Induced response in Schima superba: Effects of earlyseason herbivory on leaf traits and subsequent insect attack
Physical, nutritional and allelochemical reactions generally occur in plant leaves in response to herbivory, and such responses can reduce to a certain extent, the performance and/or preference of subsequent herbivores. This study gave an additional evidence to the induced defense theory through the simulated herbivory in Schima superba, one of the common dominant trees in subtropical evergreen broadleaf forests, southern China. The results showed that the leaves that were damaged in the beginning of the leaf expansion had higher toughness and concentration of tannins, but lower water content and nitrogen content when compared with the control leaves. As a result, the damaged shoots had lower rates of herbivory but a higher shoot growth rate than control shoots. The results may imply that early-season herbivory on the leaves of S. superba reduced the nutritional quality of leaves and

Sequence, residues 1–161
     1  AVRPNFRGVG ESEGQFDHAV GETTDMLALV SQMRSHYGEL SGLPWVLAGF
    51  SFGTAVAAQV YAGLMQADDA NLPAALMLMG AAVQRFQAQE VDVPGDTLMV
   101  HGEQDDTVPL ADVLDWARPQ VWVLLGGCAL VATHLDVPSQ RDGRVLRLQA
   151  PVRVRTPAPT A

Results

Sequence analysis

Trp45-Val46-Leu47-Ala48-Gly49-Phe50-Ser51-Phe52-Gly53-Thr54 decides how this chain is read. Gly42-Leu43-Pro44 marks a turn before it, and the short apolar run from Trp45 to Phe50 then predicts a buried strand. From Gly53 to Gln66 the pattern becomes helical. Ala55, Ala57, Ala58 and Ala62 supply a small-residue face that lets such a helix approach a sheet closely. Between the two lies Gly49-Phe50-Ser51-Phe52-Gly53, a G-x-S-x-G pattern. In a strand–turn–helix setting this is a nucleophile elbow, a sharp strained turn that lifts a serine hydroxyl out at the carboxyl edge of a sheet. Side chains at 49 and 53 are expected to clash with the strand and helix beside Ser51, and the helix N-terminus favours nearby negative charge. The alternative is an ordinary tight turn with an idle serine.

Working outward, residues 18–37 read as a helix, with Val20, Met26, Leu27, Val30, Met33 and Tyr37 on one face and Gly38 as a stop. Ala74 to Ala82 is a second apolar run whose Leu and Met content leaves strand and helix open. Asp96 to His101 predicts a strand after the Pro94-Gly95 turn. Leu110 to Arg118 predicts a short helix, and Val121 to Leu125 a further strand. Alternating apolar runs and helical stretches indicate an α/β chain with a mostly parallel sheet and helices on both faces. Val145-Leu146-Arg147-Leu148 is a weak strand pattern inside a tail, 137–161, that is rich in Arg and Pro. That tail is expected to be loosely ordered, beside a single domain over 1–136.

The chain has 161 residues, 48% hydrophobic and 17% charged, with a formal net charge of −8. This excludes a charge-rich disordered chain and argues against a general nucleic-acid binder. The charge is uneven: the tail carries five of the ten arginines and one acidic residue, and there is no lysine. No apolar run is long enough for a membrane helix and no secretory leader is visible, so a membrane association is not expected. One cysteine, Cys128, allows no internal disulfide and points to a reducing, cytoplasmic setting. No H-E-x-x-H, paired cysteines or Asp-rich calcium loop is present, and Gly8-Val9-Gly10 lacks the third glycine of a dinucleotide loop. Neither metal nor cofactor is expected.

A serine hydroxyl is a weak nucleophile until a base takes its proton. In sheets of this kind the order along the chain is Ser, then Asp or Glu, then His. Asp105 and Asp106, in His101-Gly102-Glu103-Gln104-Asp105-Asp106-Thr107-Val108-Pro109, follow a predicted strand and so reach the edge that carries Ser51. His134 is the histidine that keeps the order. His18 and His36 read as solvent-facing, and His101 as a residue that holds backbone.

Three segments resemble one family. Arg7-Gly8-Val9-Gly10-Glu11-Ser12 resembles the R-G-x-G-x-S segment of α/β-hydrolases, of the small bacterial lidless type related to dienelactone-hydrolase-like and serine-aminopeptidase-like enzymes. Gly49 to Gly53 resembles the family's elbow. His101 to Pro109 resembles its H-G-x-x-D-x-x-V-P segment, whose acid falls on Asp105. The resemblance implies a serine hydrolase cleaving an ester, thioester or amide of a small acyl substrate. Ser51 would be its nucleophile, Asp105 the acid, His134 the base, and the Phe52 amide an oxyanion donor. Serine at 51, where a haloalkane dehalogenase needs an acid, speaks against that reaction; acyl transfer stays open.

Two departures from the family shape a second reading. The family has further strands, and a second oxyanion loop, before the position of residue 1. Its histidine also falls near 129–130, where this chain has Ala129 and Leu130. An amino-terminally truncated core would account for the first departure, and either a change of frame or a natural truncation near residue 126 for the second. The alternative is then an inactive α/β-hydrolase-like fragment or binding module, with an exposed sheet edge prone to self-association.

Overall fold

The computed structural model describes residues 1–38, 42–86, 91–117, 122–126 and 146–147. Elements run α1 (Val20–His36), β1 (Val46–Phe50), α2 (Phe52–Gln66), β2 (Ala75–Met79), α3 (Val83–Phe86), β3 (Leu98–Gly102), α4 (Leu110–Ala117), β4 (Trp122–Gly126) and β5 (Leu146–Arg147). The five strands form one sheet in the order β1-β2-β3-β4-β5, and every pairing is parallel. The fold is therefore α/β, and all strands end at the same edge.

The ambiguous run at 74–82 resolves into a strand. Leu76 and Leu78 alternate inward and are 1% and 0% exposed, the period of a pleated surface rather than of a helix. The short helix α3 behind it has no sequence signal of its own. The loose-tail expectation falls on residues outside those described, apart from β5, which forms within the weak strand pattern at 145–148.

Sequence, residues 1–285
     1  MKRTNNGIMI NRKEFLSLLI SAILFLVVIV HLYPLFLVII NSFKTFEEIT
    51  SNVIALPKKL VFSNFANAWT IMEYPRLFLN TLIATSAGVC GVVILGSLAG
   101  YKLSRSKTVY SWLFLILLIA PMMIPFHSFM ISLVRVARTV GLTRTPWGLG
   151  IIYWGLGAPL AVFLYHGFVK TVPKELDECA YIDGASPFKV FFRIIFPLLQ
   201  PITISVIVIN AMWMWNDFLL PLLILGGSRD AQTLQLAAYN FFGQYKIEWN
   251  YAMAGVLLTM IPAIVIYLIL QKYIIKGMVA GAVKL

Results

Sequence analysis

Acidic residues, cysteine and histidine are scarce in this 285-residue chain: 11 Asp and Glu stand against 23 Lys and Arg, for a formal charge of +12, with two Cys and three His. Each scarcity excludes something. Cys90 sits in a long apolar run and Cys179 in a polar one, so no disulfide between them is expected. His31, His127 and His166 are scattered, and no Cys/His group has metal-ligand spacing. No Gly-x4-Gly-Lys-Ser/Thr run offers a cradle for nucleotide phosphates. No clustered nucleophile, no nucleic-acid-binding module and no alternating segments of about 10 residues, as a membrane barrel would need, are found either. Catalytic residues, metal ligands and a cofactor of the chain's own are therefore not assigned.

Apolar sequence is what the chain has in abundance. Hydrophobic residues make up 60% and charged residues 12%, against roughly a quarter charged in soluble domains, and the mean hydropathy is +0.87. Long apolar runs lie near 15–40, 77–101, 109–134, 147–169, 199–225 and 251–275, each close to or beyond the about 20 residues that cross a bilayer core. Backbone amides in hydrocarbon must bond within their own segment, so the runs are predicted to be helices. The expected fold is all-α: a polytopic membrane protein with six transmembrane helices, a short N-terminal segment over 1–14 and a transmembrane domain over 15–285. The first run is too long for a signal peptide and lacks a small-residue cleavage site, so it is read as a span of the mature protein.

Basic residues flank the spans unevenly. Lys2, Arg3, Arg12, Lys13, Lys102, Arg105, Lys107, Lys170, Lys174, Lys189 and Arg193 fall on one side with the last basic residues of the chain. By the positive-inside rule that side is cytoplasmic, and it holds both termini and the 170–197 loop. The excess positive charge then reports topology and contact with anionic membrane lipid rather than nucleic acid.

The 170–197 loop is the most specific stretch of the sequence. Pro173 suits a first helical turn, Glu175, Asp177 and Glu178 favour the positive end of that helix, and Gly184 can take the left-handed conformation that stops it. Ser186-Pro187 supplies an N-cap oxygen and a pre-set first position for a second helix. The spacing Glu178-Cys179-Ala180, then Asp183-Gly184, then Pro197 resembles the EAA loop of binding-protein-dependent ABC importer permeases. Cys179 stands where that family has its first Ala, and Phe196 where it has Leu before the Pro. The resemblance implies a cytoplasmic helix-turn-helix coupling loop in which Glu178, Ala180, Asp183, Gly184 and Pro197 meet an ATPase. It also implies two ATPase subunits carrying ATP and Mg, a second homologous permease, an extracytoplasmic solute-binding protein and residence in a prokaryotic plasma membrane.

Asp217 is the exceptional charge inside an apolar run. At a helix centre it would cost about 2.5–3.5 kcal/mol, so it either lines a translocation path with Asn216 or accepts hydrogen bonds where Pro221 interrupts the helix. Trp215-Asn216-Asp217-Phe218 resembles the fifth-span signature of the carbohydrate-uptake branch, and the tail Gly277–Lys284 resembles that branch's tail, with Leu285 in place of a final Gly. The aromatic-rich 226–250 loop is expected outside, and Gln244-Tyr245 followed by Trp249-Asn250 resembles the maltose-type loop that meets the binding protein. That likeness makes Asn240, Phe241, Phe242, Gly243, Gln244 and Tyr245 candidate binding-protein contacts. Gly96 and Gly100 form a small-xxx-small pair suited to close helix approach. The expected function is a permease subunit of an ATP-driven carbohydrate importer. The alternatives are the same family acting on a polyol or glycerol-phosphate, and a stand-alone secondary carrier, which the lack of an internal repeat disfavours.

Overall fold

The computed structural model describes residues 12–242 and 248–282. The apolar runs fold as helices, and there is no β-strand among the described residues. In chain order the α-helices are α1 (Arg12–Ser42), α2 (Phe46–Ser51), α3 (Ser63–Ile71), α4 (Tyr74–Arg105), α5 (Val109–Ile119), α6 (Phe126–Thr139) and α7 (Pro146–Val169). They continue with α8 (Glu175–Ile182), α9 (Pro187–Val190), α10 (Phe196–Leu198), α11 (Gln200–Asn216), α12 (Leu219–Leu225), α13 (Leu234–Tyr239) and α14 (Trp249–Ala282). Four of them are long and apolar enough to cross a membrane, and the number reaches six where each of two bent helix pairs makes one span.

increased the amount of secondary compounds, therefore influencing later-season herbivory through the induction of plant responses that may act to reduce plant quality as food for herbivores.
Keywords: Induced response, herbivory, early-season damage, nitrogen content, Schima superba